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Painting tricks

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I was taught to paint by a person who painted cars for a living. If you want to fix that paint job and the defects, here's how. You might want to practice on something else first, obviously.

The type of paint used in CTs are an acrylic urethane. Acrylic makes the shine, the urethane part protects against UV radiation. PPG Concept is the stuff I use. To spray, it's a 3 part. Paint, hardener, and reducer. The reducer is only required when spraying, don't use it for touch ups.

First, fill and glaze the site as necessary. Filler is body filler, a thick paste. You can use a microballoon mix or an actual body shop filler. Rarely needed, used to fill areas that glaze would seep out of, otherwise skip this. If used, fill to the surface then sand down below slightly, starting with 40-80 grit  finishing with 150-200 grit. You will use body glaze on top and we need the rough surface to help the bonding.

The body glaze is a very thin body filler like compound, but flows so much easier. THIS IS IMPORTANT. I have ALWAYS topped off composite with body glaze, the results have always been substantially better than just using body filler. USC Icing is HIGHLY recommended, best stuff I have ever used and makes leveling the surface easy. Apply it with a flat plastic applicator. Apply it so it feathers into the nearby paint. When sanding, do not remove the feathering, this is important for that smooth transition. Some of it may go away on its own, that's fine, but don't make an effort to remove it. Start with 300 grit or so to rough sand, then 500 for smoothing. This is the part you will need to spend the most time on getting it right, because imperfections WILL SHOW when you paint. You can use higher grits if you want for even smoother. Wait an hour or two for the filler and glaze to really set.

Great three part series on fillers:


Note on part 3: ignore the epoxy part, we're not using epoxies used in cars, it's different.


Generally speaking, primer won't be needed when working with an acrylic urethane. It will bond nicely to the body glaze and previous paint layers quite well.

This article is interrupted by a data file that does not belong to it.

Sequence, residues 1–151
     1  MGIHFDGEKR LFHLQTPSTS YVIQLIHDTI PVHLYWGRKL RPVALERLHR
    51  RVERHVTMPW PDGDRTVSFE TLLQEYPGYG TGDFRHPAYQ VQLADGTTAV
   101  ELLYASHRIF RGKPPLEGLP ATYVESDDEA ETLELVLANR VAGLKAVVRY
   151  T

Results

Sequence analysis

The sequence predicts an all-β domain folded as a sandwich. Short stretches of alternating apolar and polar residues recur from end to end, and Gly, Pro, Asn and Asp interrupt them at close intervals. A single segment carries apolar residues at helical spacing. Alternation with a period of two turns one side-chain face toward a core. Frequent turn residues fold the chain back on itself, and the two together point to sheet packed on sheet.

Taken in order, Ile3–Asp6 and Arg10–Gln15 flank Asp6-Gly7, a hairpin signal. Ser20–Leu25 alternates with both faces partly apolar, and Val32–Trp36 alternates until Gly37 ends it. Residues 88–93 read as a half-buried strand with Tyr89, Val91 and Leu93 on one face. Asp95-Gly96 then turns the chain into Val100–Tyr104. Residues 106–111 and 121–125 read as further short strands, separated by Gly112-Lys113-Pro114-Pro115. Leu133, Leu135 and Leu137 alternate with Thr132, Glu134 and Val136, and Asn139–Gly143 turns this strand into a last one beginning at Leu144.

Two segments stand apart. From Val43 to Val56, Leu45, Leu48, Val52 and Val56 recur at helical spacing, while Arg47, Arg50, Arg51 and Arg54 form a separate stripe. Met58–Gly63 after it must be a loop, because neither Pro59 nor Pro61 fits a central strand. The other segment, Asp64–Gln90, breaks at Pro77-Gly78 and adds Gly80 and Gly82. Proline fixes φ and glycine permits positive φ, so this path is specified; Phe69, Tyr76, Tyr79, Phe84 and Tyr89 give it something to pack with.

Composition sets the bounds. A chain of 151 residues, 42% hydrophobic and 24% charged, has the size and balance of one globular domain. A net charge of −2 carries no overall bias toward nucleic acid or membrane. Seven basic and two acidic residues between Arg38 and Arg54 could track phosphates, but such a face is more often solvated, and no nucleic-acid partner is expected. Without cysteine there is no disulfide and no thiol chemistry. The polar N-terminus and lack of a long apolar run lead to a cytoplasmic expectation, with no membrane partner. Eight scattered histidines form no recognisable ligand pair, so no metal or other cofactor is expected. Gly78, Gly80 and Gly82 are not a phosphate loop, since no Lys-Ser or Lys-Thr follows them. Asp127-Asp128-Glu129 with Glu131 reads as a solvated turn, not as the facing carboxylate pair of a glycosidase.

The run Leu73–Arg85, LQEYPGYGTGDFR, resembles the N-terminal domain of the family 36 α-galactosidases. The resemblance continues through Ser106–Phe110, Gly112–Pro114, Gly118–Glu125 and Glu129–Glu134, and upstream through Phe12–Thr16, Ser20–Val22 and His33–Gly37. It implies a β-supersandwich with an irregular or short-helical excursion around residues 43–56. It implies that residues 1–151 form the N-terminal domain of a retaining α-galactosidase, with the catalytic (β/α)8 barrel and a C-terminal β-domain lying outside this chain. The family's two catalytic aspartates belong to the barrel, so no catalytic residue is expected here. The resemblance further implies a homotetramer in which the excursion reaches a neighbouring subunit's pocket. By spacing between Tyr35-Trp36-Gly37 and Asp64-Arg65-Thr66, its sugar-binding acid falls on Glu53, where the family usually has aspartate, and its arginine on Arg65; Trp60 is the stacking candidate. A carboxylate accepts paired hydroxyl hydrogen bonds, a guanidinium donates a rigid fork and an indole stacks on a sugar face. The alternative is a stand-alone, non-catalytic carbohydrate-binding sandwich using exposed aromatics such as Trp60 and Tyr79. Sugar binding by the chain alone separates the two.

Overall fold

Next, prepare environment conditions according to paint instructions. Wash an area 3 times larger than the repair site with very mild soap and water, then mask off.

Put on respirator, mix the paint, then spray a tack coat. A tack coat (or dust coat) is where you hold the paint gun a lot further away than normal, and do a quick sweep across the surface, leaving a heavy dust like coating. Let sit for a few minutes. This helps keep paint from running.

Next, the main phase of painting. We need to aim for paint blending. Don't EVER paint all the way to the edge of the masking or it will cause a very pronounced paint line.

The first coat is centered mostly on the repair area and RAPIDLY feathers out to dust coatings as you work out, and you should stop spraying before reaching the masked area. Now the technique for this will be HEAVILY dependent on the type of paint gun you are using. If you have a paint gun that engages air before allowing paint into the stream, then congrats, this will be easy, because you don't have to worry about the paint gun spitting out splotches of paint as soon as you pull the trigger. You might even be able to control paint flow depending on how hard you pull the trigger.

When painting, you're going to quickly move the gun from one feathered edge, to slowly moving the gun where you are laying a coat, back up to quickly moving the other feathered edge, in a smooth motion. Or if your paint gun supports it, press the trigger harder and let up easy. The idea is you want the heavy coat in the center, and a feathering along the edges.

To illustrate the point, If you were to use two different colors, the feathering would look something like this upon very close inspection (white coat under, dark coat on top).



With each paint layer, follow the paint's instructions on time between coats. Each time you lay a new coat, you're going to work the feathering further away from the repair area. Generally you only need two, maybe three coats. Again, you should not be dusting the edge of the masking! You want a nice gradient. People more skilled than I am won't have to do this "working outwards", but I'm not *that* good yet.

Once finished, let the paint set according to the instructions. Maybe let it sit a day. Come back, and start sanding with something around 1000 grit. You'll have to just learn what calls for what on your own. Move to 1500, then 2000. By now it's going to be pretty smooth if you've done it right. For most people, you can stop here. Let it dry and look at it.

If you REALLY want it to shine, you will need rubbing and polishing compounds. However, you will not get a shine like a car, we're not using a pure acrylic. The urethane part does dull the shine a little bit and there is nothing you can do about that. In addition, if you make this look TOO good, then the rest of the plane will look like crap.

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